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Super- mega- extra- gold stars for the Lundy’s neighbors who made the al fresco World Series happen. That was as good as it gets.

From Lundys, the Bernalwood Action News Team rolled down to Mission Street to watch the festivities there. From afar, we heard lots of whooping and car horns honking. Madness! We arrived on Mission across from our Taoist Safeway, and quickly assessed the situation. There was a robust police presence, with bemused SFPD officers standing on almost every block. Most of the whooping was coming from cheerful pedestrians celebrating on the sidewalk. Like these stylish gents:

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Much of the honking car horns was coming from minivans full of parents and their excited children participating in an ad hoc parade.

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We encountered this group of Bernal hooligans as they wandered south on Mission:

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The big excitement in Greater Bernalwood was on Mission at Precita, where a large crowd gathered in front of the (rather delicious) Baby Blues BBQ restaurant. There was much cheering and waving of banners:

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At one point, Bernalwood peered into a car stopped at the intersection. Star Sighting!!!  It was San Francisco Police Chief Greg Suhr.  You remember: That guy from the Batkid video! Chief Suhr was out surveying the situation from the passenger seat of an unmarked car:

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Then, with impeccable timing, just moments after Chief Suhr headed north on Mission, a pod of Lowriders showed up.  And when the light at Mission and Precita turned from green to red, the cars began to bounce:

Much bouncing ensued. And lifting, and tilting, and and flag-waving, and cheering. There were some firecrackers, and lots of laughing and high-fiving, and in general, there was a lot of euphoria but not a lot of mayhem on our stretch of Mission Street.

Sure, things got far more wild as you headed north on Mission. But here in Bernal, this is about as wild as it got:

Because overall, San Francisco is getting very good at winning.

Yet herein lies an insidious peril, particularly for the children of Bernal Heights.

The hazard is that for many of our Junior Citizens, World Series celebrations
have become a familiar event. Victory is the only thing they have ever known. The whole “win the World Series, whoop it up around the neighborhood, then go to sleep to the sound of news helicopters hovering overhead” … this has become a familiar ritual in their young lives.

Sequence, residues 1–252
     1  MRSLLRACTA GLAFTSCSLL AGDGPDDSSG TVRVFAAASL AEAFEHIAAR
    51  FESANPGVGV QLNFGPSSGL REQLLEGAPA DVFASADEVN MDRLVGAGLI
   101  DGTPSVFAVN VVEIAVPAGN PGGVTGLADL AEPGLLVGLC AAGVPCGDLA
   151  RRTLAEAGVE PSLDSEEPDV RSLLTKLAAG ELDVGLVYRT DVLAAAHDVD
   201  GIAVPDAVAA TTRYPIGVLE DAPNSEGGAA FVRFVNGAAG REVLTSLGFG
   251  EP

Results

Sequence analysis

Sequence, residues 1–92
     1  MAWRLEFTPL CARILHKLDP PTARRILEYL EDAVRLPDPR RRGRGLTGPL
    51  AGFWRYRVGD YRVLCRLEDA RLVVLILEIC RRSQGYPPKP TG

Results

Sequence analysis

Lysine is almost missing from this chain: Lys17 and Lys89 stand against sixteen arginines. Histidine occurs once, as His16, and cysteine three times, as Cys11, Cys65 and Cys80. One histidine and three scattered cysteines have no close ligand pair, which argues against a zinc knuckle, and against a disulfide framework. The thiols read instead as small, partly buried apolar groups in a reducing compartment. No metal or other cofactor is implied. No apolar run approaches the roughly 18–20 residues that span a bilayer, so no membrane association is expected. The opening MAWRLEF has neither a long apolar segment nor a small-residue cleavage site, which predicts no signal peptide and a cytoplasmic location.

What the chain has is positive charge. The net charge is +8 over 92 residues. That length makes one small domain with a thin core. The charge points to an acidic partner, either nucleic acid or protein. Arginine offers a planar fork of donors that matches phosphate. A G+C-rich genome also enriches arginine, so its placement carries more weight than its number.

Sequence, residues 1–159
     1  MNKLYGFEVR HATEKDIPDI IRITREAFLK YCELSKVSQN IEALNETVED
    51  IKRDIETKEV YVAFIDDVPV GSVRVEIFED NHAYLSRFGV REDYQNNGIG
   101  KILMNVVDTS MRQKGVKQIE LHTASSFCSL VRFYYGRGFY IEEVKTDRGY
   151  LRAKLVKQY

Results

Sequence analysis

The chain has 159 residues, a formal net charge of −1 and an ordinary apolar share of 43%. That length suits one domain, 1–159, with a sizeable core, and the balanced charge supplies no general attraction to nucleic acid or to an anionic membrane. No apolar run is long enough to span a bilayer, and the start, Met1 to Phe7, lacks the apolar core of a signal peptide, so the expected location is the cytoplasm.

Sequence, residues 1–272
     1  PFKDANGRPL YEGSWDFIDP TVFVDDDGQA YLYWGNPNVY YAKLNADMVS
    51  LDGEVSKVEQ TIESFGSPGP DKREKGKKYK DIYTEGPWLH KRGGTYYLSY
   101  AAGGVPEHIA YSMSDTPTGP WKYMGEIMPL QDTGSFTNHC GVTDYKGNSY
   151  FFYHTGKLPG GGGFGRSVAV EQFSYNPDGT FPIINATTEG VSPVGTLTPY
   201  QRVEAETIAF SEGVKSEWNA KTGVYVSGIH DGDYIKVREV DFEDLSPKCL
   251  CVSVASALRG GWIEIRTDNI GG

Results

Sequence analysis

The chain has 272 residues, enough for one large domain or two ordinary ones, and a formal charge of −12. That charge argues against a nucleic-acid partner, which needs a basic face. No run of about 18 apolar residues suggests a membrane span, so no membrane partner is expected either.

In other words, our children are growing up with unrealistic expectations. They have no first-hand knowledge of lifelong defeat, late-inning disappointment, or unrequited loyalty to a losing team. The oddness of this condition was summarized by one Bernal parent whom Bernalwood spoke with last night on Mission Street:

“It’s okay if the kids stay up a little late,” the Bernal parent said. “This only happens once every two years.”

PHOTOS: Telstar Logistics

Chefs from Hillside Supper Club Join Zagat’s “30 Under 30″ List

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Emerging celebrity chef alert!

Chefs Tony Ferrari and Jonathan Sutton from Hillside Supper Club on Precita Park were just named to  Zagat’s “30 Under 30″ list for San Francisco:

Former Johnson & Wales classmates Ferrari and Sutton collectively toiled away for years at fine-dining spots like Acquerello, Michael Mina and Jean-Georges Vongerichten’s J&G before realizing their restaurant dream the 2.0 way, by way of pop-ups and a Kickstarter campaign. “The transition from being a cook, to running a pop-up, to opening your own restaurant is like learning how to crawl before you walk”, explains Sutton, who along with his partner breaks the mold of the typical millennial chef. “Chefs our age [24 at the time] are really just beginning their career and have no idea even where to start with opening a place, let alone cooking meat to the correct temperature,” points out Ferrari. Not to mention find money in a city as expensive and competitive as San Francisco. Two and a half years later, HSC, built on the principle of simplicity, sustainability and camaraderie, has become an integral part of the emerging Bernal dining scene, and the guys are eyeing to open a second restaurant, providing the right situation arises.